Lance Armstrong is expected to admit to Oprah Winfrey that he used banned substances while racking up seven consecutive Tour de France titles. The interview, scheduled to take place Monday at Armstrong’s Austin home and air Jan. 17 on OWN, is one that 60 Minutes went after aggressively.
“We wanted the Lance Armstrong interview badly. He chose to go with Oprah,” 60 Minutes executive producer Jeff Fager told reporters gathered at the semiannual Television Critics Association press tour Saturday.
60 Minutes has done multiple pieces critical of Armstrong including correspondent Scott Pelley’s 2011 interview with teammate Tyler Hamilton that helped blow the lid off the investigation into doping by Armstrong’s U.S. Postal Service team. And the premiere of the newsmagazine’s Showtime edition 60 Minutes Sports on Jan. 9 included a piece about Armstrong’s attempt in 2004 to donate $250,000 to the U.S. Anti-Doping Agency, the same body that found Armstrong had used banned substances causing him to be stripped of his Tour de France titles. 60 Minutes producers have made numerous attempts to interview the cyclist going back to a story Bill Owens, 60 Minutes executive editor (and co-executive producer of 60 Minutes Sports), produced more than 10 years ago.
Correspondent Lara Logan quipped, “[Armstrong] is a really huge fan of 60 Minutes.”
60 Minutes Sports will air once a month on Showtime, and Fager noted that it will feature the same rigorous original reporting as the flagship broadcast. “Everything that we do is investigative to some degree. We’ll try to have something with a little edge or currency,” he said.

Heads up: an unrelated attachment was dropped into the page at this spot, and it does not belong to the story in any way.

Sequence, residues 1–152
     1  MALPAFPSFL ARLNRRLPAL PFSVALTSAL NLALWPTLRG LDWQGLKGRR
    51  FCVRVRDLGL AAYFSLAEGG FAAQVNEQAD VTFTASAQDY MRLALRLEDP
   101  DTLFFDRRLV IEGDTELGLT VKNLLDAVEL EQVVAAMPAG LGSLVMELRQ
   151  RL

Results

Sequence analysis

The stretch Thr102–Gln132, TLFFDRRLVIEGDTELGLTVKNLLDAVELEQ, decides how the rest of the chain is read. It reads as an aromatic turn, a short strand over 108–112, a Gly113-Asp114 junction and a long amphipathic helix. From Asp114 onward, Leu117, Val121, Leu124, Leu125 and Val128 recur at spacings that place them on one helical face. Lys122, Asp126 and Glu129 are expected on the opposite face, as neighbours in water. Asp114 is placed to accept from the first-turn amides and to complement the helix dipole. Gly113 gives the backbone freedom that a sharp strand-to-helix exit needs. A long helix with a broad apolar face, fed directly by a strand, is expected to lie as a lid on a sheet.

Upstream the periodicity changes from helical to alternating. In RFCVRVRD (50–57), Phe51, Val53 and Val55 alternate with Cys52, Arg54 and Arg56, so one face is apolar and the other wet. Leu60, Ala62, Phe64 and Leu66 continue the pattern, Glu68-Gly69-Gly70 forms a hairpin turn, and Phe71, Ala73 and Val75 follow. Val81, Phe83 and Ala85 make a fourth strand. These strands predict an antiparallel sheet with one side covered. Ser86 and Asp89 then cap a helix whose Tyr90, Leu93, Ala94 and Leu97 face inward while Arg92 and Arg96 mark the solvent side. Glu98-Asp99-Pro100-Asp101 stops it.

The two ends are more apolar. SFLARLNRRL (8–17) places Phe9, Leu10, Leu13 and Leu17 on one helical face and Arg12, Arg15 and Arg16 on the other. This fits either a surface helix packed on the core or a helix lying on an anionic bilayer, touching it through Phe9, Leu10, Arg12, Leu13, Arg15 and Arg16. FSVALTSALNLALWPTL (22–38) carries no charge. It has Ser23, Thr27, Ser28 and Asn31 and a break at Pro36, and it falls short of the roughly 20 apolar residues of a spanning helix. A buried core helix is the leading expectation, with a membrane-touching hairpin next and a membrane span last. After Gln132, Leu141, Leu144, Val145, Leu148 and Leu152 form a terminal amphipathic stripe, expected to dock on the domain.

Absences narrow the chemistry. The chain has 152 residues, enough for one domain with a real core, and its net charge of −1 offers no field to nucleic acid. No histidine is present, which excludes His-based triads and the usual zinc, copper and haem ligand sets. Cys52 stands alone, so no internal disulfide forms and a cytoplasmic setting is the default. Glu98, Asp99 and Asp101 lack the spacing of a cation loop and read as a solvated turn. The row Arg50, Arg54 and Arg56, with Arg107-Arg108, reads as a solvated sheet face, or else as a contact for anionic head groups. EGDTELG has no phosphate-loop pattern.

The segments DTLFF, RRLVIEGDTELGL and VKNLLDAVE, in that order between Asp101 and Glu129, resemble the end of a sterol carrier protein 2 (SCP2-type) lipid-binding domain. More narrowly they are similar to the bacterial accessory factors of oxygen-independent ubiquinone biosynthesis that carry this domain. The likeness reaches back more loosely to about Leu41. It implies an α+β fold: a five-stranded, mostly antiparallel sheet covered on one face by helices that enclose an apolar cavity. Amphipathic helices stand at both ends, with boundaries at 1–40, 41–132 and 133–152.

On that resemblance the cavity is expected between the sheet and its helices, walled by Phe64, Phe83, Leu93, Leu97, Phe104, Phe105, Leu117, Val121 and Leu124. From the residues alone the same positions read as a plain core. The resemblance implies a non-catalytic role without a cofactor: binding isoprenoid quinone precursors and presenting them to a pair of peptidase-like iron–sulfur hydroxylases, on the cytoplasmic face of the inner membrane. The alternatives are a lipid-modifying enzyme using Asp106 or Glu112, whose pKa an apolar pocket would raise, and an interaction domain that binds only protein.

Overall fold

“This is not 60 Minutes-light,” added Logan, who is working on profiles of ESPN’s Chris Berman and skier Lindsey Vonn.
The next edition of 60 Minutes Sports will feature correspondent Armen Keteyian’s behind-the-scenes piece about the Super Bowl. The game will be broadcast Feb. 3 on CBS, while Keteyian’s story will air Feb. 6, requiring a fast turnaround. He’s already made numerous trips to New Orleans and will be inside the control room truck on game day. “We’re going to take you places you haven’t seen before,” said Keteyian. (Later, Keteyian confirmed he no longer will appear on HBO’s Real Sports With Bryant Gumbel.)
Fager said that despite being on a premium network, 60 Minutes Sports will adhere to the same standards as the broadcast network. That means some of the salty language used by athletes is likely to get bleeped.
Email: Marisa.Guthrie@thr.com; Twitter: @MarisaGuthrie